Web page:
Josh, thanks. As I recall, one of the 538 lot went on a year ago about how the Royals' third-base coach should have sent Gordon. My response is, pick up the ball in the OF, think about throwing ability, watch your runner, and make the call, in a heartbeat. No time to peck at the computer. As for Collins and Harvey,I split the difference and say I want the closer with the tying run at bat. Harvey could have blown away the Royals. Little had tangible evidence that Martinez was wearing down. These games are played in real time by athletes and baseball cadre. But 538 was great about elections. GV
11/2/2015 09:36:17 pm
George, bang on as always. Gee how I miss you in the NYT.
11/3/2015 08:35:44 am
Thanks. I did it a long time, and am thrilled to not be working, traveling. This site and writing books give me plenty of challenge. Best, GV
11/2/2015 10:51:48 pm
Win or lose, the Mets more than gave us a fantastic season.
11/3/2015 02:23:57 am
Indeed, this season provided some wonderful entrees. Now, however, I can resist the temptation to recite Grace After Meals before digesting the disappointing main course. I did not stay up all night to eat side dishes. Late inning home runs happen but how do DW and LD allow Hosmer to score from third?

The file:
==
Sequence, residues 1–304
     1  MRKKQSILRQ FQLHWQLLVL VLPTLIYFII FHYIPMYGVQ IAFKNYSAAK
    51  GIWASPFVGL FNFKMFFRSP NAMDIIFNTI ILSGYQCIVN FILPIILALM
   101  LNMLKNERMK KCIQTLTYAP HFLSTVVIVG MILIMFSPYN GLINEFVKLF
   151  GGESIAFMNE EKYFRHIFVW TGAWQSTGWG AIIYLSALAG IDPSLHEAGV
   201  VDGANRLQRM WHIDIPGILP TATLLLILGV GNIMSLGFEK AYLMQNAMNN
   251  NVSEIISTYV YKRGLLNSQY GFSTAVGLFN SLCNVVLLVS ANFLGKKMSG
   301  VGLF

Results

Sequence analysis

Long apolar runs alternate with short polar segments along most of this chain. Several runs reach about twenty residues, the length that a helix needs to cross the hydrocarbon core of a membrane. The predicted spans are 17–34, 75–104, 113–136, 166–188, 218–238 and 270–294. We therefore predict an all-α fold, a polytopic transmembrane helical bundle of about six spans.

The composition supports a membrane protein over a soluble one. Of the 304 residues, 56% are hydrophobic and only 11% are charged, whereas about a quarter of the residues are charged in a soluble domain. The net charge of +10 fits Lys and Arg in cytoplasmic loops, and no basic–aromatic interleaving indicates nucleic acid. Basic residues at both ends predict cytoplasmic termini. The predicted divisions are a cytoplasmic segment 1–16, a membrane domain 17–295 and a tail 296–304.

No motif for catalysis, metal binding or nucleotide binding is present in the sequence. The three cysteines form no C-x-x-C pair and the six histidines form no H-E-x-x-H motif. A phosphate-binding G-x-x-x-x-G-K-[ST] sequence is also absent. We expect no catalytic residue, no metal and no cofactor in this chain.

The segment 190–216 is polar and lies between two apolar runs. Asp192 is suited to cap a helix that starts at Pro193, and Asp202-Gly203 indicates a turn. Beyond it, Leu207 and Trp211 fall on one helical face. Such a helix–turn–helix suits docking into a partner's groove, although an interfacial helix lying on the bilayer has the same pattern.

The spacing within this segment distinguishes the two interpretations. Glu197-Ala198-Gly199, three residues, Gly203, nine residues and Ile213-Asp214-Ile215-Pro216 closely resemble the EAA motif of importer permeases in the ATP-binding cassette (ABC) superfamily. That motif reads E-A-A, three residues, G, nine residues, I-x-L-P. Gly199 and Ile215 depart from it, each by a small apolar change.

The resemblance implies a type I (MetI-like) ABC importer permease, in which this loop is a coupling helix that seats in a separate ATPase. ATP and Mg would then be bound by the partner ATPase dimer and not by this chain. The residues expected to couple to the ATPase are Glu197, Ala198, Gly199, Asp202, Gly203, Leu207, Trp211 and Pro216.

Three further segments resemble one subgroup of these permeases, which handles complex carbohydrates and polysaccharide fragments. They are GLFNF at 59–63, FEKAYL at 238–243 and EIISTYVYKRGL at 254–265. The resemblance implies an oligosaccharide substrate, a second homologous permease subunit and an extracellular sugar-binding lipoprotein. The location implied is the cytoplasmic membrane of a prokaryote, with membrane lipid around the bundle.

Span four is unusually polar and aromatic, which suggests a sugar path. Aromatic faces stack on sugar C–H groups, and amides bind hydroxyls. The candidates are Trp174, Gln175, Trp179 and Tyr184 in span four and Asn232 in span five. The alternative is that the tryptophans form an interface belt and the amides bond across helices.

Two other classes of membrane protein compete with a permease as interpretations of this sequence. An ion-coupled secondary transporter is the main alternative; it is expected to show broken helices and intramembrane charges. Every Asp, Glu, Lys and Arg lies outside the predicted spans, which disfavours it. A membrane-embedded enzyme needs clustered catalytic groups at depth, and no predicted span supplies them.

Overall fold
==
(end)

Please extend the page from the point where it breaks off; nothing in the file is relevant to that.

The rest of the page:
11/3/2015 06:52:37 am
The Bee Gees had a song called "I Started a Joke," with the significant line, "But I didn't see that the joke was on me."
11/3/2015 08:41:56 am
Roy, I remember your comparison, and you were spot on. Cespedes was not the same player. Your Applegate probably reminded me of the Lucinda Williams lyrics:
11/4/2015 12:09:22 pm
The conventional wisdom is that Terry Collins managed poorly in that fateful ninth inning. I don't agree. The only person to blame for the Mets not going on to KC was Lucas Duda. He made the errant throw that would have meant a Mets victory had he got it right. David Wright is also blameless. He fielded the ball cleanly, looked the runner back and threw the batter out. Hosner took a calculated gamble because KC knew Duda can't throw. That
11/4/2015 01:17:11 pm
Melvyn: Astute analysis. (That is to say, I mostly agree with you.)
11/4/2015 03:51:24 pm
From Citi Field my dad described how the crowd was behind Harvey. Like George and Melvyn I say you gotta stick with your ace no matter how ridiculous his nickname is. And Duda surely blew the throw home. However, my 11 year old son wants to know why Wright did not leave the play for Flores while covering third? Anyone?
11/5/2015 10:03:00 am
Don, great to hear from you. It may have had more to do with Cespedes bottoming out, hitting his level, whatever the phrase is. Looking back, the Dodger and Cub series were amazing. Then again, the Royals all said they started off this season looking to win the Series this time. How many teams get the chance? Best, GV
11/9/2015 05:52:01 am
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“I don’t think people understand how Covid affects older Americans,” Mr. Caretti said with frustration. “In 2020, there was this all-in-this-together vibe, and it’s been annihilated. People just need to care about other people, man. That’s my soapbox.”
---Vic Caretti, 47, whose father recently died of Covid at 85.
---From an article by Paula Span, who covers old age for the NYT, which currently has 2646 comments, the majority criticizing the American public – and public officials – for acting as if the pandemic is “over.”
Classic wishful thinking, at a lethal level.